So having spent the night in a hotel, which is fairly civilised for us, we got cracking early after a light breakfast. The plan for today was to find our way out of Sarajevo and head for the village of Lukomir. After which we would find some camping etc.
Getting out of Sarajevo was easier said than done. The city has a one way system, we wanted to head out of the city to the southwest. For a start vaguely towards the airport and then end up on road 18. We only need to get out a few kilometers, to find the turn off to the roads in the mountains. But there was a surprising lack of signs indicating places and exits out of Sarajevo. You would expect for instance to see the airport sign posted or the next largest city. But there was nothing. Well nothing we could see.
Luckily the city driving is fairly easy, there was a big circular oneway system around the centre, it takes about 10 minutes to go around. The previous day we did it several times, so by now we were experts. Once we got to the western end of the system we headed south over one of the bridges and eventually with a few missed turnings found our way out, with some amusement.
We needed a few supplies before we headed up to Lukomir, I was anticipating wild camping up on the mountains somewhere, as without decent scale maps or a working GPS I was a little vague on how exactly to get there or what to expect. The best map we had was a 1:200 Bosnia and Herzegovina map, which turned out to be totally inaccurate for the dirt roads. Anyway, conveniently there was a fuel station at the hotel and also conveniently at the turning off the main road was a tiny shop. Which meant we were now ready for anything ... sort of.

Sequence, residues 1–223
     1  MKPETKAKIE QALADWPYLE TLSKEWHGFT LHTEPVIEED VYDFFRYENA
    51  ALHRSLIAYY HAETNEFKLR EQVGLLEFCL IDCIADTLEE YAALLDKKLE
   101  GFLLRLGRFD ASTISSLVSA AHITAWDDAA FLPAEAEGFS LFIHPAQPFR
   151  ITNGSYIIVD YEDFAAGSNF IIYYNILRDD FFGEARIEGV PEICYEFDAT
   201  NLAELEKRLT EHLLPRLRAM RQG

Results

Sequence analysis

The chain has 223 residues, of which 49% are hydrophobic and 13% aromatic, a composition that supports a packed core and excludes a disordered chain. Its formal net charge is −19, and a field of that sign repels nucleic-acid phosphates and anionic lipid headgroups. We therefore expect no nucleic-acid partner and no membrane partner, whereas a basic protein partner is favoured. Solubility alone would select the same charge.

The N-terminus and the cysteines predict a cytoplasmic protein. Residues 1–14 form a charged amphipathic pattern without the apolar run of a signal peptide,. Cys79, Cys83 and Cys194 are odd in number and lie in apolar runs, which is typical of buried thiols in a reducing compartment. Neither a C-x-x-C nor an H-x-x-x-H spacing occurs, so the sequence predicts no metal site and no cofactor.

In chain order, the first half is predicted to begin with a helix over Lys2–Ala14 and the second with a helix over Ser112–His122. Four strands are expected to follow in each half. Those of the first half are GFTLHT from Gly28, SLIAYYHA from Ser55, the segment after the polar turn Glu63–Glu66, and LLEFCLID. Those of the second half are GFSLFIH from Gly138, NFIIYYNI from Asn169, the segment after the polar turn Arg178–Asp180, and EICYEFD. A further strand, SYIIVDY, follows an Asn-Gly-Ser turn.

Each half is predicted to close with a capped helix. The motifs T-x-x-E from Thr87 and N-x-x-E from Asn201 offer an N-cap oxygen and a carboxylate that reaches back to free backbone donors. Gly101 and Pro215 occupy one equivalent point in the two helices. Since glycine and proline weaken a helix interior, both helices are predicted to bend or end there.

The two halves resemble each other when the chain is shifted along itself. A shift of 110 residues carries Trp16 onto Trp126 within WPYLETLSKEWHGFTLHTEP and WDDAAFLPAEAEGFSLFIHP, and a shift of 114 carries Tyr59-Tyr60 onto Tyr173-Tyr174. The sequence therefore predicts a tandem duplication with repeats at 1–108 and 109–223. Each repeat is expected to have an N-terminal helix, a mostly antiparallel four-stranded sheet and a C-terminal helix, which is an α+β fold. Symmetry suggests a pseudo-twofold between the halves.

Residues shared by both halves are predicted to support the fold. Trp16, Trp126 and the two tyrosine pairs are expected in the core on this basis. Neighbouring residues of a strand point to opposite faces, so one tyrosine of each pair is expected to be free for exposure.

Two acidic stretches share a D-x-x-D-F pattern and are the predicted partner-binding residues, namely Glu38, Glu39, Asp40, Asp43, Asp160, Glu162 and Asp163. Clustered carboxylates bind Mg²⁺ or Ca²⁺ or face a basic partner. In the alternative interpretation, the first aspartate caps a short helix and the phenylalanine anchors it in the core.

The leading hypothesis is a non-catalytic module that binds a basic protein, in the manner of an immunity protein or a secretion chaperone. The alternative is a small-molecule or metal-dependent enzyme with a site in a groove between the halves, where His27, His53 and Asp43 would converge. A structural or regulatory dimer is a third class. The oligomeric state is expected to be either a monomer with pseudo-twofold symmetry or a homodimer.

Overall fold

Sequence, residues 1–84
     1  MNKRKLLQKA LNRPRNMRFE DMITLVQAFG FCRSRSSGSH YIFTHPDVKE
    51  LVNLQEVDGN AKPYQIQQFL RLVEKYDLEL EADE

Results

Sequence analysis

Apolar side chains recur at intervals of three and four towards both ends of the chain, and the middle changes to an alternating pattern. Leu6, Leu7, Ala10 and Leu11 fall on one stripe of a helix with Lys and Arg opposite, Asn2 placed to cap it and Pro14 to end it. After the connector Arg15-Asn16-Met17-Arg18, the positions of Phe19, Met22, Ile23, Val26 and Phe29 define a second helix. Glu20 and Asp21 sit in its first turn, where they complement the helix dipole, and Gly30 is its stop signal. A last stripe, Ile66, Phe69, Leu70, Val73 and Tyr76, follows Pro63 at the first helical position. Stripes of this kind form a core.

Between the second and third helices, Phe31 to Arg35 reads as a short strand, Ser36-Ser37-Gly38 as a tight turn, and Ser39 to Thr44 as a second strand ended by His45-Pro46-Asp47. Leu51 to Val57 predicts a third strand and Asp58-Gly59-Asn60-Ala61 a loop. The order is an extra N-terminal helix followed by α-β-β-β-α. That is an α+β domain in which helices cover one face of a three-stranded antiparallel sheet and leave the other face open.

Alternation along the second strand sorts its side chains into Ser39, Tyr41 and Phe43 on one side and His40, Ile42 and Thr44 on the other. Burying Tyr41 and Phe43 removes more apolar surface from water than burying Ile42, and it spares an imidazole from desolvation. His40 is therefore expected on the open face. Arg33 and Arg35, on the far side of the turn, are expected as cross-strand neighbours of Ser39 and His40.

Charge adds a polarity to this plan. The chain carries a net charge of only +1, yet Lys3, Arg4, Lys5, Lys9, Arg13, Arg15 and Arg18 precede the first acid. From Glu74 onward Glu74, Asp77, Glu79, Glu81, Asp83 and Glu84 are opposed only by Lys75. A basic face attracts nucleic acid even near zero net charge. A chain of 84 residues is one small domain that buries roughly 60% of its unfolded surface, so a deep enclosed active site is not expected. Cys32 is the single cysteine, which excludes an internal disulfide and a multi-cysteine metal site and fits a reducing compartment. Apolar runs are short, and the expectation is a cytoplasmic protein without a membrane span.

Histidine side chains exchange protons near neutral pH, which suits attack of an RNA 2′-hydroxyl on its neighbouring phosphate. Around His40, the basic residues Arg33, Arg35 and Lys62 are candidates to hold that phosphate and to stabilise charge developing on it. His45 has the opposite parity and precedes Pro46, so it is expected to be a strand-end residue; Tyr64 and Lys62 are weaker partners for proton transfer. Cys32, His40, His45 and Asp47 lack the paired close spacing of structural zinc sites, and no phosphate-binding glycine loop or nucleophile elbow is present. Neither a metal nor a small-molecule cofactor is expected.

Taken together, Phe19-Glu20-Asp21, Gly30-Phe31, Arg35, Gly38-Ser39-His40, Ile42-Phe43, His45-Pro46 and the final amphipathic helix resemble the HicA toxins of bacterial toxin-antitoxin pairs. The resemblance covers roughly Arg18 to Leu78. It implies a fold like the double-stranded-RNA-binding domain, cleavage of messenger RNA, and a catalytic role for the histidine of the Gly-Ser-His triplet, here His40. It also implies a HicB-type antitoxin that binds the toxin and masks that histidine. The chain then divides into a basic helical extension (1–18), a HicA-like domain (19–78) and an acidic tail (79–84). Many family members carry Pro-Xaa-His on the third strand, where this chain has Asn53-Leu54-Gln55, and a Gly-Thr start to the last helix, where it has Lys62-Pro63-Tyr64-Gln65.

As we headed up off the main road towards Bjelašnica which is the local Ski resort, we climbed at first what seemed a fairly none descript dusty road past a load of industrial cement works (I think), beyond these as we continued up toward Bjelašnica, the road continued to become smaller and with occasionally broken tarmac. By comparison, with French and Swiss Ski resorts, Bjelašnica is tiny.
We continued to follow the signs to the most easily accessible village of Umoljani. This is reasonably well sign posted and only involves a short section of dirt track to get to the village from Bjelašnica. What we found out was that if you approach from the other side, via Ozimine, is that you can do the whole route by tarmac, on very minor roads.
Our plan was to get to Umoljani then try and find Lukomir. Which we thought would be a simple affair as the map shows a track to Lukomir and we also saw the occasional sign. But we where wrong, these just lead to Umoljani. After about 40 minutes or so, we decided to just follow a track we came across in the opposite direction to which we had been indicated. I think we had given up on the idea of Lukomir and just fancied doing a bit of exploring, I could see a zig-zag track going up what I think was Vlahinja, which looked like it could also turn out to be a good stop.
However, after about 15 minutes we spotted a small sign indicating Lukomir so obediently turned as indicated by the sign. The track seemed to go on forever. But eventually after passing a few shepards and their flocks we could see houses in the distance. Just outside the village is a tourist sign, which tells the "Story" of the village, we parked there and went for a wander.